Dear EarthTalk: Are there any electric bicycles or scooters that make for a nice cheap, green-friendly commute?
—Sean Foley, Nashua, NH
Today s electric bikes and scooters are big improvements over the finicky mopeds of the 70s and 80s. Consumers can start greening up their commutes on such vehicles for as little as a
Bicycle commuting has long been a symbol of greener living, and it is great exercise, too. But most people are probably not up to commutes much beyond five or 10 miles one-way in the interest of time and in not arriving at work too pooped (or sweaty) to pop.
Now a number of battery-powered two-wheelers are coming on the market that won’t get you your exercise but will get you from point A to B and back with minimal environmental impact. Consumers can start greening up their commutes on such vehicles for as little as $1,500 plus about 25 cents a day in electricity costs—not bad at all when you consider that a new car costs thousands of dollars more up front and chugs mass quantities off expensive and polluting gasoline.
Many of us conjuring up images of electric bikes and scooters may envision the finicky mopeds of the 70s and 80s, but today’s offerings are much improved and quite diverse.
Those who want to go fast but stay green should check out some of the electric scooters made by Miami-based EVTAMERICA. Each of the company’s three models tops out at a maximum speed of 45 miles per hour—respectable even on the highway. "People want to go at least 40 mph," says the company’s co-owner, Fernando Pruna. "Everything built before could only do 25 or 30."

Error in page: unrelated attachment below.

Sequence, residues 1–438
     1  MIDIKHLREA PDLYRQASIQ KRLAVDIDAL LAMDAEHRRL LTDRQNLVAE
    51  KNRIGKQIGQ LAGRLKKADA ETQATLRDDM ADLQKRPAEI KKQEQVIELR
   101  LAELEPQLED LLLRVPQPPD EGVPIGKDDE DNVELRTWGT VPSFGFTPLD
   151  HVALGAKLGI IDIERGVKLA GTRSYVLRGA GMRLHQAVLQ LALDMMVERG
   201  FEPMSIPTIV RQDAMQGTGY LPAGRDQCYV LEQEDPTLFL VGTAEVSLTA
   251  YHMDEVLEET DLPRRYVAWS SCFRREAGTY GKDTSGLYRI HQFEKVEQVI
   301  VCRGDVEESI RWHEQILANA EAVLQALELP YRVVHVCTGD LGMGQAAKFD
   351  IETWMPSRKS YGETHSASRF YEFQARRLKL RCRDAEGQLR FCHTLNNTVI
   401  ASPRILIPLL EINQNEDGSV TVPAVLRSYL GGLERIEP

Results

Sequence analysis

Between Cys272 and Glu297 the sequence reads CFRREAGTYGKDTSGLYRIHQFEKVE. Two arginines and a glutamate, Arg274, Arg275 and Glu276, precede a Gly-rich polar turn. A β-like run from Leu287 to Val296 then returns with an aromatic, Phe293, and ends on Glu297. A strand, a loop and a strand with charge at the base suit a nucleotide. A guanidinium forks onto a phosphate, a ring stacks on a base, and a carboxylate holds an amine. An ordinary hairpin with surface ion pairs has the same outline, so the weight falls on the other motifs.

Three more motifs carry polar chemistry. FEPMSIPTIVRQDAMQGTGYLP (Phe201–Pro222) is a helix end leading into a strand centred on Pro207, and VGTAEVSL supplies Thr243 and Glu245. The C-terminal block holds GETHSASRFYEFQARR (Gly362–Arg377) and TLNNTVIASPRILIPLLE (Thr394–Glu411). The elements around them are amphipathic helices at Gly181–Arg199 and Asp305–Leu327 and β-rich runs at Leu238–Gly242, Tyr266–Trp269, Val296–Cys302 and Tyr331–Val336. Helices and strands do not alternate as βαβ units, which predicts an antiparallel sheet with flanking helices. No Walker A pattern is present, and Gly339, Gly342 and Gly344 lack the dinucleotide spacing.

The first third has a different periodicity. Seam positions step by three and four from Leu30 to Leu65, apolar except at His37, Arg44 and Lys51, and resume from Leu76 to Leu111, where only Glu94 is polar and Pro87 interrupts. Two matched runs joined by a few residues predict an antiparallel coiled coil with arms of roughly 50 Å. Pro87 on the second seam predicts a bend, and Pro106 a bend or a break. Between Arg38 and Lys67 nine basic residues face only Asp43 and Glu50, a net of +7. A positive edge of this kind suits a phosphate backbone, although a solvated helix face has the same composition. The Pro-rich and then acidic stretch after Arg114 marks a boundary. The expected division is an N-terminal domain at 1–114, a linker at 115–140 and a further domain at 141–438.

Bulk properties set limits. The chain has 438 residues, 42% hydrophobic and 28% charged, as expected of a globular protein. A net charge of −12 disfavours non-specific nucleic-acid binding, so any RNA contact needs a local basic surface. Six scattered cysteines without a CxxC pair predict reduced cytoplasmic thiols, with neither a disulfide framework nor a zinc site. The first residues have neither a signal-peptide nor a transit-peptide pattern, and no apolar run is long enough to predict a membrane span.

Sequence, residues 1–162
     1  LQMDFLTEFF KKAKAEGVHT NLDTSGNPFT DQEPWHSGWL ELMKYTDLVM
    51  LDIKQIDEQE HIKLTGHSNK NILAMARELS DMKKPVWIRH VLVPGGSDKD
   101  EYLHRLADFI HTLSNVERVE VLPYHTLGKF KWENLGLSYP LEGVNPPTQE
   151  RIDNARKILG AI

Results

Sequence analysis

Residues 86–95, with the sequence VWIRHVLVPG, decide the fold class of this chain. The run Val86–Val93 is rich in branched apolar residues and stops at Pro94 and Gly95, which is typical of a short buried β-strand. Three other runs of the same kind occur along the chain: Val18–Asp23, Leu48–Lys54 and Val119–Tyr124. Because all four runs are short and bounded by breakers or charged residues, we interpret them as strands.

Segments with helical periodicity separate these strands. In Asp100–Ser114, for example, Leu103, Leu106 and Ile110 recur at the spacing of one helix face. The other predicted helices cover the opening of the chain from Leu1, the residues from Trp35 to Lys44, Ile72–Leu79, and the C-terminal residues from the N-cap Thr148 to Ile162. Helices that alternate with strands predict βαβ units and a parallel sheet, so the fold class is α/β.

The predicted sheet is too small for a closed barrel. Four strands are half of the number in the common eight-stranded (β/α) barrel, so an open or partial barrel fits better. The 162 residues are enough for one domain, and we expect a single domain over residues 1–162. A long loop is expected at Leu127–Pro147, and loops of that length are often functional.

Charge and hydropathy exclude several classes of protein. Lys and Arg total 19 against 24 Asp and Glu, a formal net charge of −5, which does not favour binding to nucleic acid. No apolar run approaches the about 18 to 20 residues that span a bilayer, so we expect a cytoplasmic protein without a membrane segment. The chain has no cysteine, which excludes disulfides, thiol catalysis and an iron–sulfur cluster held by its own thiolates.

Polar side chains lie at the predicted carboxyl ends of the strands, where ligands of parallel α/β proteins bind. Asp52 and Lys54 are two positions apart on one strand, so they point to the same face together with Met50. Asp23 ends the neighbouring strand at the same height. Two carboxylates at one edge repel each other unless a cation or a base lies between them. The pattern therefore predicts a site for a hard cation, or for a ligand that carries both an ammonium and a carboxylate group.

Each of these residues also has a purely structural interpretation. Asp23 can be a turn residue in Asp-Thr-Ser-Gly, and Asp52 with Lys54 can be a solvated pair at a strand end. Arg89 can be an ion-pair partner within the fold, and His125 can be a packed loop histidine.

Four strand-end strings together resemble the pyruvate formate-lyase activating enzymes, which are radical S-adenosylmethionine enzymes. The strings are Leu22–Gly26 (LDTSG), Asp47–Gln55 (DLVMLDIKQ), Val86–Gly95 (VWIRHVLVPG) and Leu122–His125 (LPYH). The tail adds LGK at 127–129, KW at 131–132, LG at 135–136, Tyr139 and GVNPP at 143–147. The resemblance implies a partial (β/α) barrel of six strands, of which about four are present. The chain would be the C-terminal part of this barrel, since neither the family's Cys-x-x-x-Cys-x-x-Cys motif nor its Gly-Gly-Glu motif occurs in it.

Meanwhile, eGO of Somerville, Massachusetts makes electric bikes that can speed along at 25 miles per hour in "go fast" mode, but also have a "go far" mode, which trades off speed for distance (some 24 miles on a single charge). While eGO’s bikes may look diminutive, they are known for their strength. "Our bikes are powerful enough to tow a car," says Kevin Kazlauskas, the company’s operations manager. "These are not toys, and customers aren’t treating them like toys."
Another option might be an electric scooter made by Houston-based Veloteq. These scooters only go 20 miles per hour at top speed, but they can cover up to 50 miles on a single charge, which is more than enough distance to get most commuters back and forth to work, as long as they can avoid fast-moving highways along the way. A side benefit of the speed limitation on Veloteq’s vehicles is that they are typically exempt from licensing, registration and insurance regulations in most jurisdictions—yet another way to save money over those car drivers still mired in their 20th century car commutes.
Opting for one of these new scooters or bikes over a car commute will take a big bite out of your carbon footprint, but the future promises even greener versions. The lead-acid batteries that most models use today will soon be replaced with greener and more efficient varieties, lithium ion and nickel zinc being two of the more promising formats. These new fangled batteries will make the vehicles cost more, at least initially, but they will also trim bike weight significantly and provide a lot more distance per charge. And eGo is working on a model with a small solar array behind the seat to extend the bike’s range once its electric charge starts to run low.